- The Minamata Bay is an inner bay facing the Yatsushiro
Ocean (Shiranui Sea) in Kyushu.
- In 1932, the factory started to operate the acetaldehyde
compound acetic acid facilities using mercury as a catalyst.
Contaminants from the factory, especially methyl mercury
turned Minamata Bay into a sea of death.
- It took many years for people to realize the problem
and to understand the causes. During this time, many
victims suffered a pollution-induced disease.
- In 1956, an official recognition of Minamata Disease
was first issued. After that, the facilities suspended
the operation, and a dredging and sludge disposal program
- Presently the mercury pollution, which was the origin
of the environmental pollution, is coming to the end,
but many problems still need to be studied.
- Lake Kasumigaura is located in the northeast of Tokyo
and the southeast of Ibaraki Prefecture, and it is Japan’s
second largest natural freshwater lake.
- Due to natural factors such as the large water volume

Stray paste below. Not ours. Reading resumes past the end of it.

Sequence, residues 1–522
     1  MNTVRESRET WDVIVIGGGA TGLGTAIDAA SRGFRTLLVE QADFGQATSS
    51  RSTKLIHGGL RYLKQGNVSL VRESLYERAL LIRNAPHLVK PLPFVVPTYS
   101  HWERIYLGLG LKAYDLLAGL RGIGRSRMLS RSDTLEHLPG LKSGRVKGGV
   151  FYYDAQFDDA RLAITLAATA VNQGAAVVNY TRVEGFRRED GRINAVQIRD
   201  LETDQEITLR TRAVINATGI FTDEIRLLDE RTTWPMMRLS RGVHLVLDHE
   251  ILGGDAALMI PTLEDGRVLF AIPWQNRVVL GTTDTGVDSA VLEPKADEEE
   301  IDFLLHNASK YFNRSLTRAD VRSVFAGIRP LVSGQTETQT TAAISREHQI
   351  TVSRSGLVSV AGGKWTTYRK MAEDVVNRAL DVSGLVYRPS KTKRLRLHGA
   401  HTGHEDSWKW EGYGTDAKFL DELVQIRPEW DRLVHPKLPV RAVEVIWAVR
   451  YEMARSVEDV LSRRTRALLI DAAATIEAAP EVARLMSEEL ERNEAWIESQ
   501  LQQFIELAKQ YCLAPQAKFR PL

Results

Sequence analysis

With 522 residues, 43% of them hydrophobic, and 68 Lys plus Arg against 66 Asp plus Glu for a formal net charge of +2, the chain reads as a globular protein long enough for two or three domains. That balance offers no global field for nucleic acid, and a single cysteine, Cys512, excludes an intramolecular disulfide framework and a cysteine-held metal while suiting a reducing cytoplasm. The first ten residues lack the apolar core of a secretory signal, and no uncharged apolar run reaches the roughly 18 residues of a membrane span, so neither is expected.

to lake area ratio, the lake was particularly prone
to eutrophication. From about 1965, as various activities
in the Kasumigaura basin began to flourish and water
use expanded the quality of Kasumigaura’s water
began to change along with growing concern about the
- Several measures against the pollution of Lake Kasumigaura
were taken by the enforcement of the Ordinance to Prevent
Eutrophication. Among them were regulations of factory
drainage, construction of sewage systems, skimming of
water bloom “Aoko”(algae), and dredging
of bottom sludge.
- Thereafter, the COD gradually decreased. However,
for further water quality improvement, we need to push
a pollutant load reduction measure more on every pollution
source, address the pollution from non-point sources,
and restore sound ecosystems. We must also consider
new concepts for management of the lake and the entire
Kasumigaura basin including the land use planning, total
quantitative regulations considering the capacity of
the environment to absorb pollutants, and the creation
of regional recycling systems to protect our environments.